San Diego also got dinged for unfriendly regulations. The city earned a D based on its tax code, zoning rules, labor law and environmental regulations. Very small businesses rarely have the resources to navigate a convoluted series of city-imposed rules. As one videographer in San Diego put it, “I’m a sole proprietor and have a tough time finding time to do the tax and licensing.”
Of all the rules that businesses struggled with, licensing was the single most important regulatory difficulty that survey respondents cited. Sixty percent of San Diego-based small service businesses reported that they were required to carry a professional license to do their jobs, 20 percent higher than the national average. In a 2012 study, California was named the second most onerously licensed state in the nation.
Of course, not all the complaints about licensing rules were about the government being in the way. A limo driver in Spring Valley complained that the industry regulators were “grossly understaffed.” This led to inconsistent enforcement of regulations and a flood of what he called “illegal operations” taking business from him.
Also, many San Diego service professionals said they actually valued the licensing and regulatory requirements of their professions, as they kept lower-quality (and lower-priced) competitors off the market and helped protect consumers from unscrupulous actors.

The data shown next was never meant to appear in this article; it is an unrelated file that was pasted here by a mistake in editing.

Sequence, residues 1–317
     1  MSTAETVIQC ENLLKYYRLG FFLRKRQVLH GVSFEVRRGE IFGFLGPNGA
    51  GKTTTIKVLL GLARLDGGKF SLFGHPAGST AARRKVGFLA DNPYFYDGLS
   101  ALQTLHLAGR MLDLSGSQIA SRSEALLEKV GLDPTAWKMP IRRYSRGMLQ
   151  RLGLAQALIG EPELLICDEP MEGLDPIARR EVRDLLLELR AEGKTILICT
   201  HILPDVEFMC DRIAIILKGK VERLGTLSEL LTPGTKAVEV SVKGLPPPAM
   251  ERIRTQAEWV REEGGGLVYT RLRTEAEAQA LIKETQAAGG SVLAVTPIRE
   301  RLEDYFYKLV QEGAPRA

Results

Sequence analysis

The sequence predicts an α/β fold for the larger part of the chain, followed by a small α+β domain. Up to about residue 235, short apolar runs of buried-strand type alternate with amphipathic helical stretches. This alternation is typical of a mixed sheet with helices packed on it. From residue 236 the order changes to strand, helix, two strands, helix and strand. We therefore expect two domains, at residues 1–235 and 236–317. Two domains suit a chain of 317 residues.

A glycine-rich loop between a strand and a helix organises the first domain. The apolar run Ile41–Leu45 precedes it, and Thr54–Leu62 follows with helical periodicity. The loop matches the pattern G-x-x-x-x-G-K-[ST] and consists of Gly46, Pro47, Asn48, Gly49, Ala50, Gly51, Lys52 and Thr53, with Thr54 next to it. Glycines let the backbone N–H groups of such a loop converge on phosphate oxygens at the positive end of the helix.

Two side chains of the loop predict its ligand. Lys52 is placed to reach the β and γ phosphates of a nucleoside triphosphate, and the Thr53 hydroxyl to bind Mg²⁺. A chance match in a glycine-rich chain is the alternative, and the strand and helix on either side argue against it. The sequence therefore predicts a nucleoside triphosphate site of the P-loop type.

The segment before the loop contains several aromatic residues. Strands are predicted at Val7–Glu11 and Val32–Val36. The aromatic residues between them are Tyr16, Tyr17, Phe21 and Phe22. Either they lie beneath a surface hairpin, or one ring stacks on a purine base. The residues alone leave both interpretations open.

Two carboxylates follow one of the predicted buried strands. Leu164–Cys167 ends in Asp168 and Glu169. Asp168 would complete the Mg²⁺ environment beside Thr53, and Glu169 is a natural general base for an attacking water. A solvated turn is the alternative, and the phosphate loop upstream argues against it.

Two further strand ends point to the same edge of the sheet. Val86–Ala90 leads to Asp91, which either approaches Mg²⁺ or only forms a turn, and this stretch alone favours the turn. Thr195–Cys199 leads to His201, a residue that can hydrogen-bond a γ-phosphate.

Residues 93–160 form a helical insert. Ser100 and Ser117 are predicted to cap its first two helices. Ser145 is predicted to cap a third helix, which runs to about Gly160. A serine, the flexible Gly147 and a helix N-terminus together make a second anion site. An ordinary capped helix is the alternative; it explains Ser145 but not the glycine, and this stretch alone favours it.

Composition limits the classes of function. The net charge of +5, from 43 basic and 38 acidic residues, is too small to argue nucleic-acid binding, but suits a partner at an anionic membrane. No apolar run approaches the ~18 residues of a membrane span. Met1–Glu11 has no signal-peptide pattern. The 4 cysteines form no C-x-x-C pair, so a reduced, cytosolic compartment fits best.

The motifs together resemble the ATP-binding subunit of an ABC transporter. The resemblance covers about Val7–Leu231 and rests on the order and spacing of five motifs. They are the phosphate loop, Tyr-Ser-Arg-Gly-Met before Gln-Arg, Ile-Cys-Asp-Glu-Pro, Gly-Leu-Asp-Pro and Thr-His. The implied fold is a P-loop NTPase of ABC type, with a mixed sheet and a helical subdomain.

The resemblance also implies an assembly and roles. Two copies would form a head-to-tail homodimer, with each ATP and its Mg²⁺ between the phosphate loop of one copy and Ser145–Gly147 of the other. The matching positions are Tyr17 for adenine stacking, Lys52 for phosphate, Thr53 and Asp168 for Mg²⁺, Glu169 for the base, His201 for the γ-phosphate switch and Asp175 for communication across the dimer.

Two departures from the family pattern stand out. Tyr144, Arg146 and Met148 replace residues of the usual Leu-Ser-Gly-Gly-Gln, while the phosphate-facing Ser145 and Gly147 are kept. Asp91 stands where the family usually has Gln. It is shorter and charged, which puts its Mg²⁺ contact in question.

But overall, problems understanding and complying with the rules of the road were common among small businesses in our survey.
That might explain why governments that ranked well for actively offering training and networking programs for business owners tended to do so much better than governments that didn’t. Business owners value it when their local governments reach out to help them succeed. This can be done in partnership with a civic organization such as the Chamber of Commerce, but the important thing is that business owners are made aware these opportunities exist.
San Diego earned a B- for the strength of its training and networking opportunities, a bright spot in our survey, and an area of strength that the city can build upon.